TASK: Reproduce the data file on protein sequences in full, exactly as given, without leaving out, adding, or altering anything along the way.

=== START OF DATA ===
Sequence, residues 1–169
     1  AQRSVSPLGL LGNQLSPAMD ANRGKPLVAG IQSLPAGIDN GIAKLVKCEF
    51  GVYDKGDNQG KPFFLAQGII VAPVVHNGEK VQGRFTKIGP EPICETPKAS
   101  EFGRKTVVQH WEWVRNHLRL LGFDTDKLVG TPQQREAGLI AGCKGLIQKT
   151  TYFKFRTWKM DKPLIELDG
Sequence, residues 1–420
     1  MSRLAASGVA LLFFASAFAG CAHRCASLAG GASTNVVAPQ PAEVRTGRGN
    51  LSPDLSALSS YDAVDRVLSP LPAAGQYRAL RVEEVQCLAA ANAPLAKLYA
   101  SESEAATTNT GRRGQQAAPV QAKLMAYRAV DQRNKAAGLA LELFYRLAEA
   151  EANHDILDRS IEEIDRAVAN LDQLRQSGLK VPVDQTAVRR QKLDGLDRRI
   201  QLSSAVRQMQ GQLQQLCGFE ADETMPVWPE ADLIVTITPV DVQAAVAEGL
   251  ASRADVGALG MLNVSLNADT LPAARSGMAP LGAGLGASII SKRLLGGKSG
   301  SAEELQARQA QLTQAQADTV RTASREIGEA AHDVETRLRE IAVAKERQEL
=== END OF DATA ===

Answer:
Sequence, residues 1–169
     1  AQRSVSPLGL LGNQLSPAMD ANRGKPLVAG IQSLPAGIDN GIAKLVKCEF
    51  GVYDKGDNQG KPFFLAQGII VAPVVHNGEK VQGRFTKIGP EPICETPKAS
   101  EFGRKTVVQH WEWVRNHLRL LGFDTDKLVG TPQQREAGLI AGCKGLIQKT
   151  TYFKFRTWKM DKPLIELDG
Sequence, residues 1–420
     1  MSRLAASGVA LLFFASAFAG CAHRCASLAG GASTNVVAPQ PAEVRTGRGN
    51  LSPDLSALSS YDAVDRVLSP LPAAGQYRAL RVEEVQCLAA ANAPLAKLYA
   101  SESEAATTNT GRRGQQAAPV QAKLMAYRAV DQRNKAAGLA LELFYRLAEA
   151  EANHDILDRS IEEIDRAVAN LDQLRQSGLK VPVDQTAVRR QKLDGLDRRI
   201  QLSSAVRQMQ GQLQQLCGFE ADETMPVWPE ADLIVTITPV DVQAAVAEGL
   251  ASRADVGALG MLNVSLNADT LPAARSGMAP LGAGLGASII SKRLLGGKSG
   301  SAEELQARQA QLTQAQADTV RTASREIGEA AHDVETRLRE IAVAKERQEL